Tuesday, March 1, 2011
The Illinois Review Board has recommended a suspension of five months and a professionalism course for, among other things, misconduct by the attorney who represented the plaintiff in an employment discrimination case. When opposing counsel raised an issue of possible document forgery, the attorney responded with a lawsuit:
On December 13, 2004, the Respondent filed a defamation suit in the Circuit Court of Cook County against attorneys Karen Osgood and Thomas Piskorski; their law firm, Seyfarth Shaw; URA [the defendant in the employment case] ; and URA's in-house attorney, David Gassman. The Respondent alleged that the defendants defamed him by accusing him of participating in the forgeries, publishing their accusations in documents filed in the district court, and discussing the accusations with URA attorneys and employees. The Respondent filed the initial complaint and an amended complaint himself but later retained attorney Mitchell Asher, who filed a second amended complaint. In the second amended complaint, the Respondent added the allegation that Ms. Osgood, Mr. Piskorski, and Seyfarth Shaw invaded his privacy because the Chicago Daily Law Bulletin reported on one of the district court's opinions that criticized the Respondent. Pursuant to the defendants' motion to dismiss and motion for sanctions, the circuit court dismissed the Respondent's second amended complaint with prejudice on the ground that the attorney litigation privilege barred the Respondent's claims. The court ordered the Respondent to pay sanctions in the amount of $21,468.04.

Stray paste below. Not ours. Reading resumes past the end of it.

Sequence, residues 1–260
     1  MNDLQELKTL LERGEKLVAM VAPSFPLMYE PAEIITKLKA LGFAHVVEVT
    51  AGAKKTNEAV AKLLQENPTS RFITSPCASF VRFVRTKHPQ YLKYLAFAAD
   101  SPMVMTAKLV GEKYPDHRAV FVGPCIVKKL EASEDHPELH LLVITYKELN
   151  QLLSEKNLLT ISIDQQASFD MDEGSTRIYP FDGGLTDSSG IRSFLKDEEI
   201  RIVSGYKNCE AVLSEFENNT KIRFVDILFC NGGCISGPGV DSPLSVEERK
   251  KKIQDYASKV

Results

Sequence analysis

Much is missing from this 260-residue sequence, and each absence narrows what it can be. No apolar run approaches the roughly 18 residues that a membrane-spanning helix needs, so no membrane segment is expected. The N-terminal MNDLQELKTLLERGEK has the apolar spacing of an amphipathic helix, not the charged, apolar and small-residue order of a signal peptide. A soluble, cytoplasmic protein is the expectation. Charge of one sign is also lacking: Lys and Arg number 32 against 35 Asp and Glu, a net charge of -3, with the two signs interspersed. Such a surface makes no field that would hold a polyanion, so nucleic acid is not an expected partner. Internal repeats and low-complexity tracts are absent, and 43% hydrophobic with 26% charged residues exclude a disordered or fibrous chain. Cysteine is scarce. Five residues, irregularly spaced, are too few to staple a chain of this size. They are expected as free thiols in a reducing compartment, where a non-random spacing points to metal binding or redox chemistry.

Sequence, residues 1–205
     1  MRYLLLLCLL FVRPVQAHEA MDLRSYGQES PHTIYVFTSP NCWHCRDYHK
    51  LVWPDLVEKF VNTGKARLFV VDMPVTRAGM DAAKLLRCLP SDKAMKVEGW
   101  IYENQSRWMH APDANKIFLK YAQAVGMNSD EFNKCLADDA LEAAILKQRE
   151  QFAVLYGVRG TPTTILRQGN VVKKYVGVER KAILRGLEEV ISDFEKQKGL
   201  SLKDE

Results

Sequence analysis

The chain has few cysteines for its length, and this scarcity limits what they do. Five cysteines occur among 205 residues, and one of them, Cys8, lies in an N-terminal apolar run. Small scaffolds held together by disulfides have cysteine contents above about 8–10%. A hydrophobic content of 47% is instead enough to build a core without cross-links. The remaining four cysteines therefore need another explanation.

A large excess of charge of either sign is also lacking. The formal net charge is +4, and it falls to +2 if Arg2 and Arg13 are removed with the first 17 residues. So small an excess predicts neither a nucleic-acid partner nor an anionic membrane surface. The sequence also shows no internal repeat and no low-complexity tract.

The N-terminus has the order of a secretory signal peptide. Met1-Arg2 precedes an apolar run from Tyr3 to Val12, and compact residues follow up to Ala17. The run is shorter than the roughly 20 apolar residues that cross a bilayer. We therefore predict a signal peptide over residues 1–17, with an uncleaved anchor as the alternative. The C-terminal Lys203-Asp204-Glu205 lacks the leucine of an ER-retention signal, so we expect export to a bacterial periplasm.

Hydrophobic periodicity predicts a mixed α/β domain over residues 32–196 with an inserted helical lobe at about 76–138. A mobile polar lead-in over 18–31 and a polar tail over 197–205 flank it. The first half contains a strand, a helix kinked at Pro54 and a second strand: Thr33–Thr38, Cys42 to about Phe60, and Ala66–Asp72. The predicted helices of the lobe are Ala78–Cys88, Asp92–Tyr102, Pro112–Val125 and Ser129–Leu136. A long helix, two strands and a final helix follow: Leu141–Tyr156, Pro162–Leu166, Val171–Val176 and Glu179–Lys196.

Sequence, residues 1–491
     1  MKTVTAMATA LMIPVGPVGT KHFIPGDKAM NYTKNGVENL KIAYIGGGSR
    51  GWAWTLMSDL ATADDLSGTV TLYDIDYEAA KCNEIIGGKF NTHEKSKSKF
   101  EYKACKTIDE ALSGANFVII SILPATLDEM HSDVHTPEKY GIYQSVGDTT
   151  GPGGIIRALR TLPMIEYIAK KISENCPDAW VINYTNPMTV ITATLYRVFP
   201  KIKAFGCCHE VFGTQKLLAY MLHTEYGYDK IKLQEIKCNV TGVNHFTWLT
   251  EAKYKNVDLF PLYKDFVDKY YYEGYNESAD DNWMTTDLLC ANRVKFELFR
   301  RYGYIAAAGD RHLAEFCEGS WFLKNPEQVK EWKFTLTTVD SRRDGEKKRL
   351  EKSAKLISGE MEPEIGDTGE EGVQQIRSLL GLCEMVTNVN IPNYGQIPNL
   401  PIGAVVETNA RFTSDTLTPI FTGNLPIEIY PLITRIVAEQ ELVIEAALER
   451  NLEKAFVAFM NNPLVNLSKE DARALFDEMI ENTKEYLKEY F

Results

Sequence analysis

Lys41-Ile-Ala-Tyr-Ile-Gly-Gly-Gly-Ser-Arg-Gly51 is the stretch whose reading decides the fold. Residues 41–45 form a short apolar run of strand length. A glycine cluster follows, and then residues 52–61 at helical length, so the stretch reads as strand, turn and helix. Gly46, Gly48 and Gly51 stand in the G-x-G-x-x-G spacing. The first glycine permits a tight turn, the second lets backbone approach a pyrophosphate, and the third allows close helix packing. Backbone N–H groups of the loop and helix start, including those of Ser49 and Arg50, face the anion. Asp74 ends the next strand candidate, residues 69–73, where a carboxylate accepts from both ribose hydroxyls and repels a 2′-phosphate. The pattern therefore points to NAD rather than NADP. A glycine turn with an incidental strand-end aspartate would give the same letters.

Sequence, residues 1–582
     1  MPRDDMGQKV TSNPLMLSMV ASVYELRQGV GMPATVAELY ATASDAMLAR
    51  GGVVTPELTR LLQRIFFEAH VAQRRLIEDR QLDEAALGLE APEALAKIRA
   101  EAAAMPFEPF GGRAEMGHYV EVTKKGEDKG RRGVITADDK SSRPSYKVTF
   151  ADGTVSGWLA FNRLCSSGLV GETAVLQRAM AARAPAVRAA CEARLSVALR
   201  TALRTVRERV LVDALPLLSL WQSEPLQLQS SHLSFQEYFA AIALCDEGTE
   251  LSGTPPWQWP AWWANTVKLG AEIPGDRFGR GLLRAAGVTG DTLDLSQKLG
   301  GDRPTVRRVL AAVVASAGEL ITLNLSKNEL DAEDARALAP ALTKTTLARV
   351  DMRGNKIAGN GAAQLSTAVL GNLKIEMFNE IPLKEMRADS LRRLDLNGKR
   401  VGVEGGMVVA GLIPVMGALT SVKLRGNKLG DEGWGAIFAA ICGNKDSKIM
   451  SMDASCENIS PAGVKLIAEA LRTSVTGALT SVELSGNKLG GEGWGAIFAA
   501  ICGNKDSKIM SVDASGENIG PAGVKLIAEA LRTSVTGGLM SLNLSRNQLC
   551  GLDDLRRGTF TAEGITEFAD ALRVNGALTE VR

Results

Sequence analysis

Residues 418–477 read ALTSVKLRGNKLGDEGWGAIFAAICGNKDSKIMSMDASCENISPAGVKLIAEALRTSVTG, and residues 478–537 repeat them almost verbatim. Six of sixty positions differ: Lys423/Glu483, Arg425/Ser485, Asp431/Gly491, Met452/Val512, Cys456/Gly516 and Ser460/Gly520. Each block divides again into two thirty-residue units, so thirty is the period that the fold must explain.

The Respondent appealed the circuit court's orders, and represented himself in the appeal. The Illinois Appellate Court for the First District affirmed the dismissal of the Respondent's cause of action.
The attorney was also found to have made false accusations against a judge in an unrelated matter. The judge had ruled against his client on a number of issues and on the merits. The attorney responded:
The Respondent filed a post-trial motion on January 18, 2005. In it, he stated numerous times that Judge Dolan ignored the law, chose to base his rulings on false evidence, manipulated the evidence in favor of [opposing party] Cerniglia, and acted as an advocate for Cerniglia. The Respondent further stated that "[t]he absolute failure of the proofs on behalf of the Defendant caused what constitutes a judicial conversion."
In subsequent motions and responses to motions filed by Cerniglia, the Respondent repeated his accusations that Mr. Pesek committed perjury, Mr. Adamski and Ms. Conti suborned perjury, and Judge Dolan acted as an advocate for Cerniglia.
The board stated as to sanction:
...the Respondent's unfounded accusations against Judge Dolan and the frivolous claims or positions he asserted in three separate matters warrant a period of suspension. The Respondent's misconduct is aggravated by the fact that he wasted the time and resources of the federal and the Illinois courts, caused needless expense for his opposing parties, and harmed Judge Dolan by maligning his integrity. In the Respondent's favor, we consider the positive character evidence he presented, his lack of prior discipline in approximately 35 years of practice, and his cooperation in the disciplinary proceedings.